Isaiah: the evangelical prophet

The scope of the prince of the Prophets, Isaiah, is as wide as the sea. We may gather his poetic revelation under three heads:

1. To detect, reprove, aggravate, and condemn the sins of the Jewish people especially, but also of Gentiles;

2. To invite persons of every rank and condition, to repentance, by numerous promises of pardon and mercy;

3. To comfort all the truly pious, in the midst of all the calamities and judgements denounced against the wicked.

But closely knit to these distinct thematic strands, the promises of the true Messiah, born of a virgin, called the Mighty God, are such as to anticipate the Gospel history. Their extent and clarity are such that they unmistakably foreshow the divine character and mission of Christ. On this account Isaiah is rightly called the Evangelical Prophet.

The number and variety of his prophecies concerning the advent and character, the ministry and preaching, the sufferings and death, and the extensive, permanent kingdom of the Messiah are there to be fed upon, enjoyed and believed by God's covenant people, to their own spiritual strengthening and growth in faith.

The Holy Spirit so moved the son of Amos that today we still have explicit and determinate predictions, now largely fulfilled by Christ's first advent. In a peculiar way Isaiah seems to speak rather of things past than of events yet future (about seven centuries before their fulfilment). In this respect he seems to be proclaiming historical facts as already happened: for this reason Jerome called him an evangelist rather than a prophet. And that appellation, "The Evangelical Prophet," being so proper, has stuck.

No reader can be at a loss in applying Isaiah's prophecies to the mission and character of Jesus Christ, and to the events which are cited in his history by the writers of the New Testament. In his proclamations of what the God of Israel has done (was actually to do), Isaiah is sublime and elegant, forcible and ornamented; his writing attains to an uncommon elevation and majesty, and notwithstanding the obscurity of his subjects, a surprising degree of clearness and simplicity.

Together with all the holy men and prophets of old, Isaiah anticipated and with hope looked forward to the coming of the Redeemer. Like Abraham, he rejoiced to see the day of Christ. And he himself "enquired and searched diligently....searching what, or what manner of time the Spirit of Christ which was in (him) did signify, when it testified beforehand the sufferings of Christ, and the glory that should follow" (1 Peter 1:10,11).

Undoubtedly, a Christian Evangelist "before the time"!

Isaiah, to a greater extent than all the prophets before the Coming of the Woman's Seed, spoke of Christ because he saw His glory.

He saw Him in a vision, seated on the throne of heaven, the Eternal and Supreme One, with angels attending and worshipping Him (Isaiah 6; John 12:41).

But the burden of Isaiah's message was not the Son of God, eternal in being, majesty and power. Rather it is the same Person, but the accent is brought to bear on his state of humiliation for the sake of His people whom the Father had given Him by covenant: "I will preserve thee and give thee for a covenant of the people, to establish the earth..." (Isaiah 49:8).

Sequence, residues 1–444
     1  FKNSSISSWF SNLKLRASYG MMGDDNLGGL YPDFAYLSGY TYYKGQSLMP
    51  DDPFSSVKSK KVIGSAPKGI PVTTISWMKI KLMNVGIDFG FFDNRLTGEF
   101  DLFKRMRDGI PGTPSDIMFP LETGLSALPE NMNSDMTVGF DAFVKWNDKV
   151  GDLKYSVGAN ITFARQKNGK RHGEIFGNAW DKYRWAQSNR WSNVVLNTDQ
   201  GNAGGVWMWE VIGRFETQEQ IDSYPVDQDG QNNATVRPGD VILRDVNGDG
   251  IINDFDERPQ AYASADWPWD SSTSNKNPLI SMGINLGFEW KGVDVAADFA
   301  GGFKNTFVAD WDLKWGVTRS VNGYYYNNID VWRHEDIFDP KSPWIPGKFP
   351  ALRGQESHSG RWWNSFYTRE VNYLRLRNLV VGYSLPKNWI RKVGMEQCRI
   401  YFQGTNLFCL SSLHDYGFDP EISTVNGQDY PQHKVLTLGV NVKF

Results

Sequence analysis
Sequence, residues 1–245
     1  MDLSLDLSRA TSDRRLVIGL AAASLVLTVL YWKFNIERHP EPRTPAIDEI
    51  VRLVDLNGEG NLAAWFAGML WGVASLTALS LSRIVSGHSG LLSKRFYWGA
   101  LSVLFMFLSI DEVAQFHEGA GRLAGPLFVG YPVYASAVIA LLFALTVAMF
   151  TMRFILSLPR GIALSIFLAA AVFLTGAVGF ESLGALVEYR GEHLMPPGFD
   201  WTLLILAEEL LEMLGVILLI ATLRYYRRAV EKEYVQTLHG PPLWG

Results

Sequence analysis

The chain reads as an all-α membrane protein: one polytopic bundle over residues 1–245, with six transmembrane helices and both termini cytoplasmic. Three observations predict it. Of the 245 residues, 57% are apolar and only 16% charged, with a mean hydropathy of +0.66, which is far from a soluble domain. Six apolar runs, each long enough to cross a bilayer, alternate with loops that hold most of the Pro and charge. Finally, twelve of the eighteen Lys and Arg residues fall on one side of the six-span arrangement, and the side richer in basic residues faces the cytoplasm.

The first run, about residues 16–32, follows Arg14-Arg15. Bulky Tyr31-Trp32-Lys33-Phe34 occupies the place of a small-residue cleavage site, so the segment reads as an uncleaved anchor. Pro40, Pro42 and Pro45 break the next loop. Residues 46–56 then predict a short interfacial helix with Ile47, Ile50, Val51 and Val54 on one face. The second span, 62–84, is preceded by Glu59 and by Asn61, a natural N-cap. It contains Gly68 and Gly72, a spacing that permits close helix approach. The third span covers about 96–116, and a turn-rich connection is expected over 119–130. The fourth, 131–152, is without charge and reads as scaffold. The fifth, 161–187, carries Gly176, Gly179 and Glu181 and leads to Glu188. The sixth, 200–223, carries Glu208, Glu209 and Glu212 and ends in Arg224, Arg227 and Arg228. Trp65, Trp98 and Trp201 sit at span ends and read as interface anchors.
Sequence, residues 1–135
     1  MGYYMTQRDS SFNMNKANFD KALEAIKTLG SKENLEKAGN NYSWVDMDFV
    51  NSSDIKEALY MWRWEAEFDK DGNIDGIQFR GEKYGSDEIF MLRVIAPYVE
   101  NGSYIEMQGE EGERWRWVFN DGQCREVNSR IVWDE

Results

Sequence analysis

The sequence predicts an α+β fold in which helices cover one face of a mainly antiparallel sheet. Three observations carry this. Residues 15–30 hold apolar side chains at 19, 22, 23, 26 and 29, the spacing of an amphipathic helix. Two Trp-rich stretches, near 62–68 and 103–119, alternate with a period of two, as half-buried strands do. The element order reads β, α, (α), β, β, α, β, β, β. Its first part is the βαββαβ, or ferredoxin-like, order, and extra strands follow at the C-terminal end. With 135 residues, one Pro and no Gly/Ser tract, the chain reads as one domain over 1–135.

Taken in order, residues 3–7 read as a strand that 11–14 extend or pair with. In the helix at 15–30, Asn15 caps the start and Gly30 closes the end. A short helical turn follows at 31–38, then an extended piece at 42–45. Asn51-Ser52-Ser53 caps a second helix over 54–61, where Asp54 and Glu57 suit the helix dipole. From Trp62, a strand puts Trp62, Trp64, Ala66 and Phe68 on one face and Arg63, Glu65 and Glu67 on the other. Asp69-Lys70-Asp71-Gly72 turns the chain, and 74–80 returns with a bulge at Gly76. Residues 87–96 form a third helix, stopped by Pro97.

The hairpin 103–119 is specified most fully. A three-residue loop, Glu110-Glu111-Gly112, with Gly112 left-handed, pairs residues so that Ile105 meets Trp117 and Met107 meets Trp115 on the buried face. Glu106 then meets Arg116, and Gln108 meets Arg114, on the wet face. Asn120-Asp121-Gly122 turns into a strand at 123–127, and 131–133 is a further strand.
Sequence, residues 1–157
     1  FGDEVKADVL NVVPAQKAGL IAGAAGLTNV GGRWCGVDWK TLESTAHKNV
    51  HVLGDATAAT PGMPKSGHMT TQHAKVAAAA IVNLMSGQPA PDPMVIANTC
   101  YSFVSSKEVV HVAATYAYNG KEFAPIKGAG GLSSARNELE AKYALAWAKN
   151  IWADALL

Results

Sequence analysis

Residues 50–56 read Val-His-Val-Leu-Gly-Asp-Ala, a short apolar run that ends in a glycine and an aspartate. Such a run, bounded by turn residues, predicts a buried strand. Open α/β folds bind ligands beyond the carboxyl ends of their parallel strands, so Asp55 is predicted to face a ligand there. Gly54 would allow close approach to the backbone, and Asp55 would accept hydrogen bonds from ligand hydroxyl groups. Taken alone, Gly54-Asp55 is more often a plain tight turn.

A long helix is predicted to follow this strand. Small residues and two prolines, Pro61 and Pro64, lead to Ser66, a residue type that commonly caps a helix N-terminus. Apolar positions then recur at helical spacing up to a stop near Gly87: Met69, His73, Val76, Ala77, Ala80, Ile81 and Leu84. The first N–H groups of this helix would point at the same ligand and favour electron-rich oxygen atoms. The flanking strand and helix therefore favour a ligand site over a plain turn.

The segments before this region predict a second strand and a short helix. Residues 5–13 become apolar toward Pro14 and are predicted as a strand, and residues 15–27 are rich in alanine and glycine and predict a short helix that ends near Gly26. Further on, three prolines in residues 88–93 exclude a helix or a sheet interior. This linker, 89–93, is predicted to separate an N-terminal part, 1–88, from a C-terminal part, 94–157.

Thus Isaiah proclaims Him as incarnated, tabernacling among men, being Himself the Son of man: "Behold, a virgin shall conceive, and bear a son, and shall call his name Immanuel" (Isaiah 7:14). Again: "For unto us a child is born, unto us a son is given..." (Isaiah 9:6).

The unity of Godhead and Manhood in Him is noteworthy (Isaiah 9:6 and 32:2). His humble life and upbringing is described: "For he shall grow up before him as a tender plant, and as a root out of a dry ground..." (Isaiah 53:2).

His miraculous and powerful ministry is highlighted (Isaiah 35:5,6; cf. Matthew 9:35), as the foundation and chosen stone (Isaiah 28:16; cf. 1 Peter 2:6-8); he would be prove to be God's delight, with the Holy Spirit upon Him, and declaring righteousness even to the Gentiles (Isaiah 42:1-3; cf. Matthew 12:15-21); and preaching the gospel (Isaiah 61:1,2; cf. Lk.4:17-21).

His passion and atoning death is eloquently described (Isaiah 52:13-53:12). The substitutionary element is brought out powerfully: "He was wounded for our transgressions, he was bruised for our iniquities..." (v.5).

His burial and resurrection are not excluded; rather the conquest of the grave is proclaimed as the climax (v.10), with the resulting blessings of justification (v.11) for all believers in Him. Because of His obedience, He is granted a kingdom radiant with glory. All flesh will see it (Isaiah 40:5), especially the Gentile world (Isaiah 60:1,2).

The fruits of His reign are righteousness (Isaiah 32:17) and peace (Isaiah 48:18), for He Himself is the "Prince of Peace" (Isaiah 9:6,7).

With breathtaking poetic language the prophet concludes his message by striking a note of victory. All Israel will be saved with an everlasting salvation (45:17) and God's purpose to bless the whole world shall be fulfilled (chapter 60 to 66).